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Collaboration and innovation outputs

Citation

Arundel, A and Bordoy, C, Collaboration and innovation outputs, Knowledge Flows in European Industry, Routledge, Caloghirou Y, Constantelou A, and Vonortas N (ed), Oxon, pp. 158-182. ISBN 0415327075 (2006) [Research Book Chapter]

Copyright Statement

Copyright Anthony Arundel and Catalina Bordoy 2006.

Official URL: http://www.routledge.com/books/details/97804153270...

Abstract

The role of collaboration in the creation and diffusion of innovations has received a considerable amount of interest in the past decade from both innovation economists and European policy makers. The European Commission (EC), for example, requires collaboration for research funded under the Framework Programmes (FPs) and encourages national policies to increase the rate of collaboration between firms and between firms and public research organizations (PROs) such as universities and publicly-funded research institutes (Hagedoorn et ai. 2000). Part of the increased attention given to collaboration is due to a shift in economic theories of innovation from a linear to an interactive model and to a recognition of the importance of tacit knowledge to innovation and technology transfer. The first shift places greater importance on information and knowledge flows. This is partly because there are more linkages within an interactive or chain-link innovation system and partly because modern innovation theories stress the diffusion of knowledge among many different actors (Kline and Rosenberg 1986; Rothwell 1992; Freeman 1987; Nelson 1993; Lundvall 1992; Edquist 1997; Asheim and Smith 1999; Lundvall et al. 2002). Within this framework, the literature has focused on two types of linkages: inter-firm relationships, such as networks of user-producers or competing firms (von Hippel 1988; Lundvall 1991, 1992), and linkages between firms and PROs (Mansfield and Lee 1996; Pavitt 1991). Although many of these linkages do not require collaboration, many researchers have argued that collaboration plays a central role in the flow of knowledge among different actors.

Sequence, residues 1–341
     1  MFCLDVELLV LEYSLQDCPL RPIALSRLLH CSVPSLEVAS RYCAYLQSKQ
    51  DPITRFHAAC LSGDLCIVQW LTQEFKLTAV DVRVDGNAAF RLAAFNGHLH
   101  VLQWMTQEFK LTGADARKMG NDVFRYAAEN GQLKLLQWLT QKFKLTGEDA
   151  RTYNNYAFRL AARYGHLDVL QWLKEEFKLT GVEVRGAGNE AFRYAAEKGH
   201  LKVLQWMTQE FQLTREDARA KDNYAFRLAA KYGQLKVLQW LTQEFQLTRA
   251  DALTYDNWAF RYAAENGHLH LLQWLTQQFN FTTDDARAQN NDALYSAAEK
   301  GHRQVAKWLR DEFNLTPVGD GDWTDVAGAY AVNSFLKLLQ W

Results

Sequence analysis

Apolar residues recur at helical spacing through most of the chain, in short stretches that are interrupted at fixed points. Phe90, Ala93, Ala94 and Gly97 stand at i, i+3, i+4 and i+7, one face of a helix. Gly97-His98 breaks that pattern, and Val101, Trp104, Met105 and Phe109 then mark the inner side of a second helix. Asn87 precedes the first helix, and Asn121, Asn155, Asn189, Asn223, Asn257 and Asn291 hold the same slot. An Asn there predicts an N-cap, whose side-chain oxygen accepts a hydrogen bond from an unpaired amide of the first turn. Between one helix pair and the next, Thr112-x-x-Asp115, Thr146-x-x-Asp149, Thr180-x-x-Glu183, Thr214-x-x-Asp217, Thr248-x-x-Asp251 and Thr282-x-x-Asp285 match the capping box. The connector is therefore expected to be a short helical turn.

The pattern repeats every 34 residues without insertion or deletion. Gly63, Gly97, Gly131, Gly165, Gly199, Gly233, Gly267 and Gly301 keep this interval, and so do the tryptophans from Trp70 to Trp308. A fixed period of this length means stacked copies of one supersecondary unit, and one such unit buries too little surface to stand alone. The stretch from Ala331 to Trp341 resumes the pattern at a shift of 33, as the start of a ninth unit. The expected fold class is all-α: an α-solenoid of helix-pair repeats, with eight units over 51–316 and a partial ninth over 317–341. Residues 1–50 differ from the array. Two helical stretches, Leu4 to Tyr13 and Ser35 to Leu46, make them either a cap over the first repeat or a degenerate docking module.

Item Details

Item Type:Research Book Chapter
Research Division:Commerce, Management, Tourism and Services
Research Group:Business and Management
Research Field:Innovation and Technology Management
Objective Division:Economic Framework
Objective Group:Management and Productivity
Objective Field:Technological and Organisational Innovation
Author:Arundel, A (Professor Anthony Arundel)
ID Code:75687
Year Published:2006
Deposited By:Australian Innovation Research Centre
Deposited On:2012-02-09
Last Modified:2012-10-24
Downloads:5 View Download Statistics

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